Again, this tournament ought not to be an indictment of the whole Canadian hockey system, but there exists somewhat of a complacency when it comes to international tournaments. It doesn’t help the perception of the organization when the coach frequently disagrees with the International Ice Hockey standards of checking.
[Here's a good piece from James Mirtle at the Globe: Americans continue ascent in the hockey world]
What of Yakupov?
“I will have to keep a cool head and ignore provocations,” Yakupov was quoted as saying by R-Sport. “Especially against the Canadians. These guys play dirty. We got used to that, we played a few games in North America, so our team is ready.”
The backlash to these comments in Canada forced Nail Yakupov to trot out in front of a few microphones to reporters in Ufa to explain himself, where he used a translator to clarify his comments.
Don Cherry took exception to the comments that made headlines across all outlets in Canada. A story from Roy MacGregor that actually downplayed the importance of the comments was literally tagged with the headline “Yakupov refuses to elaborate on alleged anti-Canadian slur”. Newspaper reporters don’t get the chance to use their own headlines, but that’s mostly what people take away from a story from a quick glance.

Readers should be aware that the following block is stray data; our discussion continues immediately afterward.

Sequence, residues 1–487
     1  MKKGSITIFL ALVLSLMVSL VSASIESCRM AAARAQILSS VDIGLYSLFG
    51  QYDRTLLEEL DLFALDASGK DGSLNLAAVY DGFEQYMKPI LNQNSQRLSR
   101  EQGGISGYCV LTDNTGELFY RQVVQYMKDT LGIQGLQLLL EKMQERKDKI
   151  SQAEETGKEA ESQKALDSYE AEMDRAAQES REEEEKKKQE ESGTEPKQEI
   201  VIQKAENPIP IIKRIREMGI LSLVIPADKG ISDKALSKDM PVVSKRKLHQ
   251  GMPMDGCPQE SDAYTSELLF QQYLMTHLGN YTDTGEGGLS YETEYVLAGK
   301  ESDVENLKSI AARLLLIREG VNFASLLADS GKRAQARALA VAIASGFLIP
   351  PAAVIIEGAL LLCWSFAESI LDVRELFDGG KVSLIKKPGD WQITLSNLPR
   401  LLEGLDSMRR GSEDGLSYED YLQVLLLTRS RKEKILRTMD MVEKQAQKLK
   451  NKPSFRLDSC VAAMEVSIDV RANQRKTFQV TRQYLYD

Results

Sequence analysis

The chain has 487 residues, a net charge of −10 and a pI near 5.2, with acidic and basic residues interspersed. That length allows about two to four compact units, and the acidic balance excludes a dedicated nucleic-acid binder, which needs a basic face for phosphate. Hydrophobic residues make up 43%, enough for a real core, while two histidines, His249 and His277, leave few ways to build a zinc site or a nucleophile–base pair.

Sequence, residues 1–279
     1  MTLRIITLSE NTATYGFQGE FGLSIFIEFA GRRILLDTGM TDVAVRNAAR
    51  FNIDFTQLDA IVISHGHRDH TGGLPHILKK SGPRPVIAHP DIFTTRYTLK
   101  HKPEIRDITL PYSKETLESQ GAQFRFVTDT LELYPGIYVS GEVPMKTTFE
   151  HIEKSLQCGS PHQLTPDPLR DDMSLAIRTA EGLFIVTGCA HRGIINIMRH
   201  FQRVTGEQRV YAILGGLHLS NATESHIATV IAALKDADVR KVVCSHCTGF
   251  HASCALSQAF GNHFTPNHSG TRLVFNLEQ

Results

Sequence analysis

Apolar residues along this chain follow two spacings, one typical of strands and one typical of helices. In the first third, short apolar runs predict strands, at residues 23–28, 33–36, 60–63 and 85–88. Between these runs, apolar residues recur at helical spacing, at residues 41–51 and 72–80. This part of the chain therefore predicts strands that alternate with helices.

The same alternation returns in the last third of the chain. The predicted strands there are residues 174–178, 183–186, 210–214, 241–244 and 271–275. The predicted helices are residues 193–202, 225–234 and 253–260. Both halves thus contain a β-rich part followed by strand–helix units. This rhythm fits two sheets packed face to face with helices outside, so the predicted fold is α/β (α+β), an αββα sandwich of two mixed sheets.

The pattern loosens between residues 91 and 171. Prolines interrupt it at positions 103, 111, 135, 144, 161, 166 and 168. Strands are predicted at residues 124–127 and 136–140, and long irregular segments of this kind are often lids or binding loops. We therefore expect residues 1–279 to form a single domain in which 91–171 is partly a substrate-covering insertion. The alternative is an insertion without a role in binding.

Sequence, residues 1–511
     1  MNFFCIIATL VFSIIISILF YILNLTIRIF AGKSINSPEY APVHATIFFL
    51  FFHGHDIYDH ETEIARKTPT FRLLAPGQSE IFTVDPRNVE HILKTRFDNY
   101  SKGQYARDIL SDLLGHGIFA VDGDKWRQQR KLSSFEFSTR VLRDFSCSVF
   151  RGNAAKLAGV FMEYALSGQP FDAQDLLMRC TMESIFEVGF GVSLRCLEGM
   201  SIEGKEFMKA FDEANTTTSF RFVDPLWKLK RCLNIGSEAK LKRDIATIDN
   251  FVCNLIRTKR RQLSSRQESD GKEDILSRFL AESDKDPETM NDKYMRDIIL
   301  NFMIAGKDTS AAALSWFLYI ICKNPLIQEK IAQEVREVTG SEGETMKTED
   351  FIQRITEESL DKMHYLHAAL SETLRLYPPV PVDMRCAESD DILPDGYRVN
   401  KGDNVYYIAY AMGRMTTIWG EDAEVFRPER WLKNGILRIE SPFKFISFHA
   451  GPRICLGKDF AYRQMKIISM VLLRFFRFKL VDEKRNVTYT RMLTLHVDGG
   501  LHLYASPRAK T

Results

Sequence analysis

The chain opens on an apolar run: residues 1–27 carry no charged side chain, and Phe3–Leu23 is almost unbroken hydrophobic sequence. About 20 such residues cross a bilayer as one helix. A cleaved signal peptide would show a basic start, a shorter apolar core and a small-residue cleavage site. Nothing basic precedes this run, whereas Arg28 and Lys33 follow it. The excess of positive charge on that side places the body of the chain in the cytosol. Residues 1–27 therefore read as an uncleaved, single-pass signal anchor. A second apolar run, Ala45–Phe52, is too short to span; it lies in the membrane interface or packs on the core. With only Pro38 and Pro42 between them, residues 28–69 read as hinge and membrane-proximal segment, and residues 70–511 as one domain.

despite Sprague Cleghorn, despite the Richard Riots, despite Bobby Clarke in the ’72 Summit Series, despite Gordie Howe’s elbows, despite the pregame bench-clearing brawl of the Flyers and Canadiens, despite the headhunting, despite even the two majors and two match penalties assigned Canada in Friday’s 6-3 win over Slovakia – CANNOT BEAR BEING CALLED DIRTY!